The Report

When I was little, I remember hearing that God is everywhere. Afterward, I looked at the trees, grass, on houses, cars, the street, pretty much everything. It became apparent God was hiding, because I couldn’t see God. What did it mean, God was everywhere? So, I just looked up. They must have meant God was floating in the clouds somewhere. Then I was really nervous, what if a plane crashed into God? Would the world end? There were too many questions as I thought about it further. Things only became more complicated.

The stench of sweat prickled at my nose. I sat in my seat, my leg jiggling up and down as I reviewed my note cards. A student was already at the front presenting. I was hardly listening. I focused on the Bunsen burner sitting in front of me, useless at the moment. The student who had been at the front returned to her seat. Clapping ensued.

I noticed people turning towards me. “Landon Smith!” Mr. O’Riley called, impatient. He must have just said this right before. My throat was dry. I jumped to my feet and approached the board, still shuffling my note cards. I turned to face the other students, wiping a few beads of sweat from my brow. “Whenever you’re ready, Landon.”

I pushed a some strands of stringy brown hair out of my face and looked at my first note card, “God created the Earth and all life.” I looked up to see the reactions of my classmates. So far, not much. I switched my card and continued, “Dinosaurs existed only because God set their bones here on Earth. We all descend from Noah.” I took a breath. They were looking at me as though I was the plague. I had expected it.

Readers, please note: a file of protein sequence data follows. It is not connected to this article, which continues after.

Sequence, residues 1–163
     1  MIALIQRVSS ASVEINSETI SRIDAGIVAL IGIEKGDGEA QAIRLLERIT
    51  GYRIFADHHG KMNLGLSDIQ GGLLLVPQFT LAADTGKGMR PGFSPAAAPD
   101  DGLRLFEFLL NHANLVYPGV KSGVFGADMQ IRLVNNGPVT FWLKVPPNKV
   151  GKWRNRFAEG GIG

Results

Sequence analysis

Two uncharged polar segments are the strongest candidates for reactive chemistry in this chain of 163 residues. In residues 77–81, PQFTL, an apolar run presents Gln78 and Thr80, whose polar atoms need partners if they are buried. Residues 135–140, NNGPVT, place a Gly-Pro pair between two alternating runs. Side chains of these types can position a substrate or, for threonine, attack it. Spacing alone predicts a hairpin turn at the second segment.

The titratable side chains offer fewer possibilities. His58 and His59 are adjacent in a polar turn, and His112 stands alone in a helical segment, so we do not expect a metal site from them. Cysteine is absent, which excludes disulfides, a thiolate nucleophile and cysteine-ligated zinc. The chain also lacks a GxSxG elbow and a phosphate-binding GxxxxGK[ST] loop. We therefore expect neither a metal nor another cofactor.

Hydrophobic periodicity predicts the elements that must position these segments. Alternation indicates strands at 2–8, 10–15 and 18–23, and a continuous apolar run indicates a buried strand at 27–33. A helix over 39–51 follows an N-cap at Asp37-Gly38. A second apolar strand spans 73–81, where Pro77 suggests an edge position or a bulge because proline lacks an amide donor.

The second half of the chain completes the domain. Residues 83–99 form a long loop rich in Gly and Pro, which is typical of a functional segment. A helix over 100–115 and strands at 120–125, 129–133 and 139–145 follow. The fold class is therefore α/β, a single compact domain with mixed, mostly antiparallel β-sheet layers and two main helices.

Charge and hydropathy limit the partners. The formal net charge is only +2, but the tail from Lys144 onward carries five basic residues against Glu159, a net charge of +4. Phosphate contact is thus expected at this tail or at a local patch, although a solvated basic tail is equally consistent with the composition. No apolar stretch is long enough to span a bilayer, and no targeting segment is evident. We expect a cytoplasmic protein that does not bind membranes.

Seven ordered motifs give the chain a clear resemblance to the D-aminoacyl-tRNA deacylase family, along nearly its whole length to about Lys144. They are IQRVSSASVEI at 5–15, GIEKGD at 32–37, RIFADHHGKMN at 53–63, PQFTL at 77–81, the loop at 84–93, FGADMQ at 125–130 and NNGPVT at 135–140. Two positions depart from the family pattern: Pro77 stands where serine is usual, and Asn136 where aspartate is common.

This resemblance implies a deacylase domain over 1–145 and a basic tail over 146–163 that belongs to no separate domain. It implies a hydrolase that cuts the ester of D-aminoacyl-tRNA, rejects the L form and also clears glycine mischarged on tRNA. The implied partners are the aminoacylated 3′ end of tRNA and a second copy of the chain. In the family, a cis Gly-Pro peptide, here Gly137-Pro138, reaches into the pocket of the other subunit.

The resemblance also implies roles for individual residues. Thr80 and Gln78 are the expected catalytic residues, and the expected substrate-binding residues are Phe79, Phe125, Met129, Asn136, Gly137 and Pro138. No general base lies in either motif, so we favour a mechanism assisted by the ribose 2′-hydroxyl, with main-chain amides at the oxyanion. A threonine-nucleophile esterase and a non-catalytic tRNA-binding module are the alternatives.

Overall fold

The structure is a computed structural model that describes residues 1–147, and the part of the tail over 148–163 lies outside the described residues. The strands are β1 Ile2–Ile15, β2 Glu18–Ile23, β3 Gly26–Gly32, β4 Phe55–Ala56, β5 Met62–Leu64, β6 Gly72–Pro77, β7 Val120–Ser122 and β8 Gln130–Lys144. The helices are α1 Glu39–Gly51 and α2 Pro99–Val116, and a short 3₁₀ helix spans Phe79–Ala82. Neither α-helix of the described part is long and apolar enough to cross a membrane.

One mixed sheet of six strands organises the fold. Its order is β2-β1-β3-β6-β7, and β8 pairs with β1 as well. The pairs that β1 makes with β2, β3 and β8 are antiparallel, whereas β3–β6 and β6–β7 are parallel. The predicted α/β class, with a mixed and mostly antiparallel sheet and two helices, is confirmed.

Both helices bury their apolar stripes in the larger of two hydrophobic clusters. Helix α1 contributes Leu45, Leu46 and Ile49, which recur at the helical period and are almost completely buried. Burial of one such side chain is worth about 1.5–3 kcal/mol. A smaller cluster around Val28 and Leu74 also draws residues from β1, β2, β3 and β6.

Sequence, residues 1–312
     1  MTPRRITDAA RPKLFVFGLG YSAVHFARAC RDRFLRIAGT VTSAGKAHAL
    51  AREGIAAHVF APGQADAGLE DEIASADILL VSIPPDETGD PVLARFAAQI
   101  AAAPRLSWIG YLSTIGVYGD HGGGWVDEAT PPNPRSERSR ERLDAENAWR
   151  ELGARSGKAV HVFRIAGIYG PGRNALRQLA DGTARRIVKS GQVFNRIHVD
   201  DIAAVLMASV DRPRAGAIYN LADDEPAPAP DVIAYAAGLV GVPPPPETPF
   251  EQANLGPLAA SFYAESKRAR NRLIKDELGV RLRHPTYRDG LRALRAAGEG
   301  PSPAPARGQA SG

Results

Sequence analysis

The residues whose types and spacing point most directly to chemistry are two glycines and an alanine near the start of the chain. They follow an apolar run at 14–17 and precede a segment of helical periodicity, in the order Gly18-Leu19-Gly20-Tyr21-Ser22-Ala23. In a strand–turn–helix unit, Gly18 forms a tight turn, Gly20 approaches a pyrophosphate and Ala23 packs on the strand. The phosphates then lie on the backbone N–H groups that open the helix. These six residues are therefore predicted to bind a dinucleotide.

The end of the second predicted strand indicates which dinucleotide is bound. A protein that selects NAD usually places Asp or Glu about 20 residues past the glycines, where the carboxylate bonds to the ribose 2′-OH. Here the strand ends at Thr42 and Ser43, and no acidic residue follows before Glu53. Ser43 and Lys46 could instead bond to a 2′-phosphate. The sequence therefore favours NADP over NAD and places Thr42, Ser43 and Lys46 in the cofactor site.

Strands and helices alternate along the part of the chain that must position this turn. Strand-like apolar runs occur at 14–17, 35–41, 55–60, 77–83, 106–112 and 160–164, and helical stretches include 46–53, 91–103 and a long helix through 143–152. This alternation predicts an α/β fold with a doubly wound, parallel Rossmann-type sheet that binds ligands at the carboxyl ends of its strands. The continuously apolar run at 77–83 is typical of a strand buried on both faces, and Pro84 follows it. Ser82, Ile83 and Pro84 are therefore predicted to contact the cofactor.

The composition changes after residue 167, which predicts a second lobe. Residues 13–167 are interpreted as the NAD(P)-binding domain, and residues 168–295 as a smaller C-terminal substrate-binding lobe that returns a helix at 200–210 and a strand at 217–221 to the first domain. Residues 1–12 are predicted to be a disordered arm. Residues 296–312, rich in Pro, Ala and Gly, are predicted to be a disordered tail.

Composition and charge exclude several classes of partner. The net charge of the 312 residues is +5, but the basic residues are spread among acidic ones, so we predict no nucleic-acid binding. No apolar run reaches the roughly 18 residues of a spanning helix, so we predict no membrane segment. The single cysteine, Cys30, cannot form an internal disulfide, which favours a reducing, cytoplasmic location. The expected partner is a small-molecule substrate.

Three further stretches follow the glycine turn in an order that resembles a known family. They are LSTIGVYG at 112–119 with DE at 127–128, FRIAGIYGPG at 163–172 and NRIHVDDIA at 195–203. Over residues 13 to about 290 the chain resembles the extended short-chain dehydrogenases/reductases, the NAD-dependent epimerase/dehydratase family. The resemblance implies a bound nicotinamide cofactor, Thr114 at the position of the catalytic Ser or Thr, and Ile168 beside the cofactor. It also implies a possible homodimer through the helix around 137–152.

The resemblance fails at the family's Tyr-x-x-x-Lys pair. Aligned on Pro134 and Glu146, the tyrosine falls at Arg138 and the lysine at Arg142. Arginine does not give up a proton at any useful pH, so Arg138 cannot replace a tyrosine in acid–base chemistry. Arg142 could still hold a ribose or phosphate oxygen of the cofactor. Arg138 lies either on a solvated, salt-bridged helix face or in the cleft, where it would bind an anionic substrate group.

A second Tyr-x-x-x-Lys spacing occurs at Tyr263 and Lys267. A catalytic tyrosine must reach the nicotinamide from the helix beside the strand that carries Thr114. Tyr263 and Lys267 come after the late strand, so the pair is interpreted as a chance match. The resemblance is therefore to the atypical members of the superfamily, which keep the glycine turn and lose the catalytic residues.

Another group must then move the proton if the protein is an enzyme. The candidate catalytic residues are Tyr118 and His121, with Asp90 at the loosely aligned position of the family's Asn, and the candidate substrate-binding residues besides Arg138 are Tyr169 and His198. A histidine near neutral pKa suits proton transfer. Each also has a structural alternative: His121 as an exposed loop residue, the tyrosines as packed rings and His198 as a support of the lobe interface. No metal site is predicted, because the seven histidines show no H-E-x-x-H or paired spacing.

“Evolution is false, so I will not be discussing it,” I ended. There was no clapping. I returned to my seat.

“Mr. Smith, could you please stay after class a moment.” Mr. O’Riley didn’t sound to happy, I nodded.

Three other students, telling interesting stories about homosapiens and dinosaurs, gave their oral reports before the bell rang. There was a clatter of chairs and students filed out of the room. I didn’t move.

“Mr. Smith, I asked you to report on the evolutionary process we have been studying,” said Mr. O’Riley.

“I couldn’t.”

“It is not a matter of belief systems. It is about showing me what you have learned.”

“I’ll take the ‘F’.”

“I will have to contact your parents Mr. Smith, you may go.”

I got up and gently pushed in my chair. I dropped my cards into the recycle bin. Once again I flicked my hair out of my face. I am sure of what I believe. I looked high and low, in the corners and crevices, but I have never found God. I think that’s how you know God is with you. Everywhere you go, you carry God, so God is everywhere. I did the right thing, but my parents will never know. They died when I seven; right before my Grandma told me that thing about God.

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